Chapter 3: Pregnancy and Birth
Parents' expectations and experiences of pregnancy and birth form an important backdrop for understanding the context into which a child is born, including whether the pregnancy was planned, welcomed, and supported by health and other services, and whether the pregnancy and delivery were associated with good or troubled health. It is also important for health services planners and other policy makers to have good evidence of how expectations and experiences of pregnancy and birth vary across the population. A Framework for Maternity Services in Scotland published in 2001 (Scottish Executive) sets out a philosophy of care, recognising that 'Childbirth and early infancy have an unparalleled impact on the lives of parents'. The Framework also states that maternity services should support the 'best possible start to family life' and offer a holistic package of care.
This chapter provides an overview of the period from conception to birth and focuses, in particular, on issues such as whether or not the pregnancy was planned, attendance at antenatal classes and use of other support, type of delivery and experience of the birth itself. As these questions were asked of parents of both babies and toddlers, no distinction is made between the two cohorts in the analysis that follows. It should be noted, however, that these data are therefore representative of a population constructed from two discrete groups; parents of children aged 0-1 and parents of children aged 2-3. Although it is highly unlikely that a sample based on a 'continuous' age profile would show markedly different results, the 'artificial' character of the sample should be borne in mind.
3.2 Whether the pregnancy was planned
Typically, pregnancies tend to be thought of as being either planned or unplanned. During cognitive testing of the questionnaire, however, it became clear that a slightly more nuanced approach was required in asking about this issue. As a result, respondents were given four response options, shown below along with the question wording as it was set out in the interview:
Some pregnancies are planned and others are a surprise. Which of these best describes your pregnancy?
- It was planned by me and my partner/child's father
- It was planned by me, but not really by my partner/child's father
- It wasn't planned but I/we didn't do anything to prevent it happening
- It wasn't planned at all
Overall, the survey suggests that the majority of cohort pregnancies (59%) were planned and that, of these, the vast majority were planned jointly by both parents. This figure is in line with estimates from other studies - e.g. the MCS (Scottish sub-sample) which indicated that 57% of pregnancies were planned. It would be wrong, however, to characterise the remainder as entirely accidental or unplanned. While just under a quarter of respondents (24%) said that their pregnancy was 'not planned at all', one in six (17%) said that while it was not planned they 'didn't do anything to prevent it happening/didn't mind'. First-time mothers were slightly more likely than those with other children to say that the pregnancy had not been planned at all (27% compared with 22%).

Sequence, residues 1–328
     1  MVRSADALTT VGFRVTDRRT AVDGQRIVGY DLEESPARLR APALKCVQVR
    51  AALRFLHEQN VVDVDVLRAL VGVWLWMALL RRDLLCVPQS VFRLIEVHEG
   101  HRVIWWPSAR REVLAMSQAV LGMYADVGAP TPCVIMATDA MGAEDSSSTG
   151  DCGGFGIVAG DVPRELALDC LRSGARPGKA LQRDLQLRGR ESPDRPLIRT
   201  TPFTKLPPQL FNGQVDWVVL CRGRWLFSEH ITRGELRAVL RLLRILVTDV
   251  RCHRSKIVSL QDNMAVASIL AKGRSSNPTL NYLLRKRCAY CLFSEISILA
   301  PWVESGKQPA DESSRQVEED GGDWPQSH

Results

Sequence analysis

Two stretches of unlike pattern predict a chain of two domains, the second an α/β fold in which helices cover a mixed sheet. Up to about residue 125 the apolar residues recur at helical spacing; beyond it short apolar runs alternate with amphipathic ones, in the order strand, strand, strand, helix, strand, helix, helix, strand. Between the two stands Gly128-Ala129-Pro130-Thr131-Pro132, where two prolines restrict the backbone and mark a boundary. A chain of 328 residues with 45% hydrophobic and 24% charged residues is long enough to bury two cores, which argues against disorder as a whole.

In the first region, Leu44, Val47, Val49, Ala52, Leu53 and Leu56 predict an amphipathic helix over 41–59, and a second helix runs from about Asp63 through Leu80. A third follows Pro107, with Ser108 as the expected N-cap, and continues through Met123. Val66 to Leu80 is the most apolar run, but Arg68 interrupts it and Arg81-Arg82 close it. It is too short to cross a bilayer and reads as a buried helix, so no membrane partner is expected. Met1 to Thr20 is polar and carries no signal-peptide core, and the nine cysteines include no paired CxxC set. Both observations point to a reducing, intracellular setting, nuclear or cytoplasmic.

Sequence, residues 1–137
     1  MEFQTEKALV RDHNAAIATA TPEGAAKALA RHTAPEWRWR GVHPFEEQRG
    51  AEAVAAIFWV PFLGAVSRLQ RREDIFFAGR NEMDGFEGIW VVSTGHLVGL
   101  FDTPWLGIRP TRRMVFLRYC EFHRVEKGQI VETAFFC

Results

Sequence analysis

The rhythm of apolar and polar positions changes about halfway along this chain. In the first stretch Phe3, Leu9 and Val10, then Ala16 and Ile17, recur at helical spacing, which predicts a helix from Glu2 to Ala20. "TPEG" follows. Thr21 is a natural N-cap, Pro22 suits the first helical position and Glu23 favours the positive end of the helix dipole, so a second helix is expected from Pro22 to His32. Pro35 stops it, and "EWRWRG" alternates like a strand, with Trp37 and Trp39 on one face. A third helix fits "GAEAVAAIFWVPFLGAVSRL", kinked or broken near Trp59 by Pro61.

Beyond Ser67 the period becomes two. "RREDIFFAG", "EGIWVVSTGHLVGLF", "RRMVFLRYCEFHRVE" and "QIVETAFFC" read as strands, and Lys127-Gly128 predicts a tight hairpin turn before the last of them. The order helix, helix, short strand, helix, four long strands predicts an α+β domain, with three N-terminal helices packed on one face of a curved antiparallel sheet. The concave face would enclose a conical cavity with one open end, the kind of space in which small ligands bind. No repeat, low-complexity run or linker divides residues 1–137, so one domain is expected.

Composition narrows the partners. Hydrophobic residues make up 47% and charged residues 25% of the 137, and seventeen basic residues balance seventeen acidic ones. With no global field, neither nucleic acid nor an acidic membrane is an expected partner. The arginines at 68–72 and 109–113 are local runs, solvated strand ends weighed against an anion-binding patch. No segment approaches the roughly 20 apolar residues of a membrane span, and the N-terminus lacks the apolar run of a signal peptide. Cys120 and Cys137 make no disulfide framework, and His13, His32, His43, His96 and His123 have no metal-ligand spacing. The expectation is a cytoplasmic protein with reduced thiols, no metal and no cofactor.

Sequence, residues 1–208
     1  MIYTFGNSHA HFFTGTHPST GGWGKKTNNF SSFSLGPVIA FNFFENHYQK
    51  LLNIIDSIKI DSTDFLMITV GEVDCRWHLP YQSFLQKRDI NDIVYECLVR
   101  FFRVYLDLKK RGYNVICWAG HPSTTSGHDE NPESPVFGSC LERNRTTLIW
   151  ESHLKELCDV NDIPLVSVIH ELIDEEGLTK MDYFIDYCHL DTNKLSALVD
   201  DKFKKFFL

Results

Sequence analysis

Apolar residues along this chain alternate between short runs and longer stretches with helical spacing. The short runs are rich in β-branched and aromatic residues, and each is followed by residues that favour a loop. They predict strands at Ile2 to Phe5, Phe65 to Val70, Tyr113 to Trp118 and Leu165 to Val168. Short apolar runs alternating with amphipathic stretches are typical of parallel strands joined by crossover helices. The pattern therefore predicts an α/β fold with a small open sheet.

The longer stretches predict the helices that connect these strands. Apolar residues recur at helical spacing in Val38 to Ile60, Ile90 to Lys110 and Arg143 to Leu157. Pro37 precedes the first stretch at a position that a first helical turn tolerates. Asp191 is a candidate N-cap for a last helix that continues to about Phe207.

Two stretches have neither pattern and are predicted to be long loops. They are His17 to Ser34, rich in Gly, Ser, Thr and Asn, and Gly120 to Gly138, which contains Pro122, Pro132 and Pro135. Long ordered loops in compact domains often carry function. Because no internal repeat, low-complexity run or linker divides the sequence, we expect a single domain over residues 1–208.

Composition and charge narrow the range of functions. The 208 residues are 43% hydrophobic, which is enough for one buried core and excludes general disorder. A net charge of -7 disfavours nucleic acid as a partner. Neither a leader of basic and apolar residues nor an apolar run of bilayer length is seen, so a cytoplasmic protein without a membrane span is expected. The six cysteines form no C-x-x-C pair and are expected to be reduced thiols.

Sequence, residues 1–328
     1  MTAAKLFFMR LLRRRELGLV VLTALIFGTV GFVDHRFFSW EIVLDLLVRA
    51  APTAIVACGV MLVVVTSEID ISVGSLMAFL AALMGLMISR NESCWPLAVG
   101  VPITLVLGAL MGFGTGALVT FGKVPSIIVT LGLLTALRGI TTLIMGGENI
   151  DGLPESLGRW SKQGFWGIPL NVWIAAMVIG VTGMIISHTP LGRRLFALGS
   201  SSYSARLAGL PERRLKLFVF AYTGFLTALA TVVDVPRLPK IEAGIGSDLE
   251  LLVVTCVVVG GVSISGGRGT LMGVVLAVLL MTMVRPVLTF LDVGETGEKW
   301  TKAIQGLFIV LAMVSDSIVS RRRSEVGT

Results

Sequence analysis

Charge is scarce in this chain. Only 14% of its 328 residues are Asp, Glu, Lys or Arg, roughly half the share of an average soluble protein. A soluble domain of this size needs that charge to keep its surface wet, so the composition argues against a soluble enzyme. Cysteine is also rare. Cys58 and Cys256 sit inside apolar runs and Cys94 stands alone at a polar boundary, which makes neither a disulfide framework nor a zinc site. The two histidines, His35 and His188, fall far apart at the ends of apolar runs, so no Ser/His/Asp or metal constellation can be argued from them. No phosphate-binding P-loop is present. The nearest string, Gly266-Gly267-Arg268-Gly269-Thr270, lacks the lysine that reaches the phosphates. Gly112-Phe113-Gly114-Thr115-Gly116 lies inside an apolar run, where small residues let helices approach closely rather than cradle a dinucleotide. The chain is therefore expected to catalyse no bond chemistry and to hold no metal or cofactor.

Figure 3-A Whether pregnancy was planned
There are very striking variations in the patterns of responses by age (Figure 3-B). For example, among respondents aged under 20 at the time of the child's birth, 62% indicated that the pregnancy was not planned at all, and a further 24% indicated that they had done nothing to prevent it happening; among those aged 30 to 39, on the other hand, the comparable figures were 14% and 14% and over seven in ten pregnancies were actively planned. Among those aged over 40 at the time of the birth, the pattern changes again, with the proportions of 'not planned at all' and 'did nothing to prevent it' responses rising again (to 21% and 23%).
This gives an interesting picture of changes in the extent to which pregnancies are actively planned across the lifecourse. The distinction between those whose pregnancies were 'not planned at all' and those who 'did nothing to prevent it/didn't mind' is an important one, especially perhaps in relation to the youngest age group and initiatives aimed at reducing teenage pregnancies. The relative importance of the 'didn't mind' group among mothers aged 40 and over is also worth noting, as it suggests that the increase in numbers of births to older women may not be entirely due to conscious decision-making nor to entirely 'surprise pregnancies'.
Figure 3-B Whether pregnancy was planned by age of mother at birth of cohort child
Not surprisingly, lone parenthood was also a key predictor of whether or not the pregnancy was planned (Figure 3-C). Over half (58%) of those who were lone parents at the time of interview indicated that the pregnancy was not planned at all, compared with just 15% of those in couple households. A similar pattern was evident across income groups: the vast majority of pregnancies in the highest income quartile (79%) were planned, compared with 34% of those in the lowest income quartile.
Figure 3-C Whether pregnancy was planned by family type and household income quartile
3.3 How parents felt about the pregnancy
We have already seen that 'unplanned' cannot be equated with 'unwanted', in that a quarter of respondents indicated that while the pregnancy was not planned they 'did nothing to prevent it/didn't mind'. This conclusion is reinforced by responses to subsequent questions about how respondents felt (and how they thought their partners had felt) when they found out about the pregnancy. The vast majority of all mothers interviewed said that they were either very happy (70%) or fairly happy (15%) about the pregnancy and only a small proportion were either fairly or very unhappy (4% and 2% respectively). Perceptions of partners' reactions were very similar - for example, 71% said that their partner was very happy about the prospect of having the baby and only 3% that they were very unhappy.